When employees appear destined for top-level management but are never actually chosen, they are said to suffer from the “glass ceiling effect.” Traditionally, research has documented a glass ceiling effect for women, but many other groups may be similarly discriminated against. Although research has shown that people speaking with a foreign accent are subject to discrimination, little is known about why this occurs. New research (Huang, Frideger, & Pearce, 2013) seeks to explain why.
RESEARCH FINDS DISCRIMINATION
The researchers used results of a lab experiment, as well as real-world data from an entrepreneurial funding competition, and found that non-native speakers indeed faced workplace discrimination. They were rated as less suitable for a managerial position in a hiring simulation, and they were less likely to receive funding in an entrepreneurial competition. But that’s not all. The researchers tested several different possible reasons for why this workplace discrimination occurred. Surprisingly, perceived communication ability or collaboration ability were not to blame. Additionally, outright racism against people from a different country did not statistically explain the discrimination. So what was the culprit? The researchers found that non-native speakers are seen as having less political skill than native speakers. In other words, interviewers question their ability to effectively influence others, navigate tricky interpersonal situations, and use language to build relationships and work with others.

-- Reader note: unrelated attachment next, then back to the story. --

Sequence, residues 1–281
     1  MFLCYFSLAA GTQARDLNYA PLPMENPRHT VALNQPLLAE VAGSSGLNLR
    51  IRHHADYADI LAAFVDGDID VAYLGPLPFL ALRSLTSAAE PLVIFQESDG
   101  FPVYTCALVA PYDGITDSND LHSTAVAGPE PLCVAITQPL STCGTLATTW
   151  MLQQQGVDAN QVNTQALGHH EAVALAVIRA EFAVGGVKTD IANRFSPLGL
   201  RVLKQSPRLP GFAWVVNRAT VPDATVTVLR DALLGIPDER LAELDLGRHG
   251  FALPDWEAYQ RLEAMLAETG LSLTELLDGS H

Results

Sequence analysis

What can non-native speakers do to overcome this kind of workplace discrimination? The researchers suggest that job interviewees might highlight their political skill by providing specific examples of past experiences, as well as seeking other ways to signal that they are politically skilled. This may work better than trying to change an accent, which they say is typically difficult to do. For interviewers and hiring managers, this research provides another example of how biased thinking can unfortunately lead to workplace discrimination when we aren’t being careful.
Huang, L., Frideger, M., & Pearce, J. L. (2013). Political skill: Explaining the effects of nonnative accent on managerial hiring and entrepreneurial investment decisions. Journal of Applied Psychology, 98(6), 1005-1017.